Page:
From a virtual unknown, Jamie Malonzo now hopes to make another dream come true by representing Gilas Pilipinas

In the span of three years, Jamie Malonzo has gone from a virtual unknown to a prospect who could just play a pivotal role in revitalising the fortunes of Gilas Pilipinas. PBA Media Bureau

In three years, Jamie Malonzo went from virtual unknown to part of the hope for the improvement of Gilas Pilipinas.

The 6-foot-6 high-flyer -- once a name who elicited questions of "who?!" upon his commitment to go one-and-done for the La Salle Green Archers in 2019 -- is now cleared to suit up for the national team. Clearance is but the first step, though. An invite to camp, an inclusion into the lineup, and then a first time officially playing for Philippines comes after.

Whatever happens from here on out, though, it was a long time coming, it was a long-held wish, it was a long wait now over.

"This was, for sure, a dream of mine," he shared over the phone, nearly a month after news broke that he has been confirmed to be eligible as a local player for Gilas. "It's always been in my head since I was playing back home (in the United States). Now, I've been cleared, but it's just the first step. Getting on the team is another."

As it turns out, the Filipino-American who grew up in Seattle was hard at work getting his FIBA clearance from the moment he opened eyes in La Salle with an alley-oop in his UAAP debut -- a La Salle-Ateneo Blue Eagles rivalry game, no less. And at the expense of Thirdy Ravena, no less.

Now he can categorically call himself a local, a big burden has been eased from his shoulders. Now without that, perhaps he'd get to fly to even greater heights.

"I was definitely happy, for sure, but actually, it was more of relief," he expressed. "I've been at it for a long time. Thanks to God, I was I was able to get everything. Better late than never."

Just a few years after going to Philippines for the first time, Malonzo shone bright like a shooting star with the Green Archers, made an immediate impact for the NorthPort Batang Pier, and is now a legitimate candidate for a national team callup.

Looking back at the decision he had to make after finishing his degree in communications from Portland State University, he ultimately came out on the right side of history. Fortunately. Thankfully. He's doing exactly what he set out to do.

"I was actually all in with Philippines, for sure," he detailed. "After senior year, I was wondering where I was going to go; NBA D-League, Europe, whatever. But Philippines has always been in my head. I thought, if I'm not in the NBA, I wanted to do something more meaningful for myself. Instead of some random place, I wanted having family around me."

That meant settling down roots once more in his mother's native land -- the very place Maria Teresa Malonzo left behind for greener pastures around two decades ago. For the first time since her feet were last based in Pampanga, he and his mother will be on back on home soil. Back where they belong, they hoped.

"I wanted to bring mom back home, back to her family. She hasn't seen them in 20 years," he explained, talking about his maternal family, including a son and a daughter back in San Simon, around an hour away from Manila. "That's what led me to go to the Philippines."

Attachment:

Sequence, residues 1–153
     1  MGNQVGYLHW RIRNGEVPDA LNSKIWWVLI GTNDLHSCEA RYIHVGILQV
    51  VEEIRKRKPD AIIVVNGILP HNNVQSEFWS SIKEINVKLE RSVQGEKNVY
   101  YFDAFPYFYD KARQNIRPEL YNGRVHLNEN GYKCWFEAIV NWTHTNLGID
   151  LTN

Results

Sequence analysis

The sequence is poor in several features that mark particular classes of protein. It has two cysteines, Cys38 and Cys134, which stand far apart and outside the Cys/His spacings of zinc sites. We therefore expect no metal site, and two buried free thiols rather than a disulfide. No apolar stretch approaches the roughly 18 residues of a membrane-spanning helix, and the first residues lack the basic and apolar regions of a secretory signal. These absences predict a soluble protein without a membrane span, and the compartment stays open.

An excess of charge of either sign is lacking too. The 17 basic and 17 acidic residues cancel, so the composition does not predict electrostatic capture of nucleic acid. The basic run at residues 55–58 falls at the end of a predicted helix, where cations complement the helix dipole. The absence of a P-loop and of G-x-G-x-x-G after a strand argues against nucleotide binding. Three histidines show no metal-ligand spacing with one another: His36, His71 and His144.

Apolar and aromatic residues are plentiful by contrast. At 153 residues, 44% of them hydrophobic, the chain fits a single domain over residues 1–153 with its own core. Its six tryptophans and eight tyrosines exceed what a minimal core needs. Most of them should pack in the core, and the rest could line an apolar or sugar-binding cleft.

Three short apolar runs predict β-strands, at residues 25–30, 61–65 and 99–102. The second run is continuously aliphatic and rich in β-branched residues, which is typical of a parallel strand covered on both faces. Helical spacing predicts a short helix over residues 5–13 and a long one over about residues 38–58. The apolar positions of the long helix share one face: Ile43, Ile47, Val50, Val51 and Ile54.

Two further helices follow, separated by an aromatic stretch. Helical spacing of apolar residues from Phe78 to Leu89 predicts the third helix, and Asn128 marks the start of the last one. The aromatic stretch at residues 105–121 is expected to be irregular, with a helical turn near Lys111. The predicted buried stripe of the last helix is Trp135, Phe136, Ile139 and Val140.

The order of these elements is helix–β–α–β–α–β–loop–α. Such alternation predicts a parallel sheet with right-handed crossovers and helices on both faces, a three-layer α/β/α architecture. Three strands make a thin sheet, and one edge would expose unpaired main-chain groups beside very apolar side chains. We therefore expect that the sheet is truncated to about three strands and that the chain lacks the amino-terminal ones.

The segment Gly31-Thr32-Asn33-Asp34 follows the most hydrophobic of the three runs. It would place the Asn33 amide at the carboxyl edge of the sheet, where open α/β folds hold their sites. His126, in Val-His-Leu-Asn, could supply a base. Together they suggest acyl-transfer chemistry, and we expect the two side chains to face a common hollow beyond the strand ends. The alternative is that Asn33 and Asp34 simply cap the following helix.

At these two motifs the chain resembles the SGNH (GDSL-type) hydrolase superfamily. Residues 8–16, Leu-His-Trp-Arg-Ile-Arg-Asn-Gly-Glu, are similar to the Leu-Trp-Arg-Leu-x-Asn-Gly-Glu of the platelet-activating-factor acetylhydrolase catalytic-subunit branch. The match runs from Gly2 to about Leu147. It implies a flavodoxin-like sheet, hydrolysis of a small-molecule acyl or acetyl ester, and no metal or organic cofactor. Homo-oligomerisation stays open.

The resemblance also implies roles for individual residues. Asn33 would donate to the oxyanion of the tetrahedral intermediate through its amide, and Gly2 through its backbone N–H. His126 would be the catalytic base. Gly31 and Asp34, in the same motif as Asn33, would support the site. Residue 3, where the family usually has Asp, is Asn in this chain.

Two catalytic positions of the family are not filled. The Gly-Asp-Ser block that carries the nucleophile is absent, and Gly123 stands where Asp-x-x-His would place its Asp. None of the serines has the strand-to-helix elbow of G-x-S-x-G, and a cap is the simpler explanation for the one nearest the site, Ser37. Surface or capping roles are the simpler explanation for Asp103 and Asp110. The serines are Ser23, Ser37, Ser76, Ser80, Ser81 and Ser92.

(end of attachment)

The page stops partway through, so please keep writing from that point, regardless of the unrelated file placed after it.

The feeling of having done something with a bigger picture in mind made its presence felt right from his first time in Philippines. That was when he met his siblings, finally. It was more than basketball. It was a family affair. It was about life itself.

"It was a cool experience. It was a heart-warming experience. I felt like it was long overdue," he said about their first meeting, in person, and not just through video calls. "I'm very in touch with family, even before I met my brother and sister. Being so far from (where I grew up), playing basketball far from where I'm originally from. Having family to support me here means a lot."

That rekindled -- or, more accurately for Malonzo himself, newly-ignited -- fire has intensified through the years he's been in Manila. Now, kuya and ate are constants in his contests, whether for the Green Archers in the UAAP or for the Batang Pier in the PBA. Every once in a while, they even dog-sit for him. While Jamie's living alone in Quezon City with pet Louie as one and only companion, his family is all around him.

That's the fulfillment he's hoping to feel yet again once he, at long last, gets to wear the blue, red, and white. He wants to play for himself, but even more, play for his team. Which, in this case, is the Philippine national team -- representing his country and his compatriots.

"Like I've said, I went here to play for my family. Now, I want to live for meaningful moments," he detailed. "Being able to play for the country would mean everything. For me, that would mean I'm not playing for myself anymore, without a doubt. It'd be all about representing our country."

It is yet to be determined if Malonzo indeed gets that shot he has been dreaming of. Gilas' next assignment comes in about a month, when they face off against Lebanon and Saudi Arabia. It's yet to be determined if he's even on the mind of head coach Chot Reyes, who has said he and the Samahang Basketbol ng Pilipinas have "put a plan together up to August of next year [for the 2023 FIBA World Cup].

If and when he gets the call for Gilas, he vows to go all-out in fighting for the flag.

"I'm confident that anywhere and everywhere I go, I can be a contributor. I have the talent, I've always felt, and it's just about how I'm gonna be used," he remarked. "I just find ways to impact the game. And I still have so much motivation to prove my worth."

Jamie Malonzo wants more. He wants his days, his games to mean more. And the very moment he, at long last, has "Pilipinas" on the front of his jersey, he promises to give his best -- and more, much more.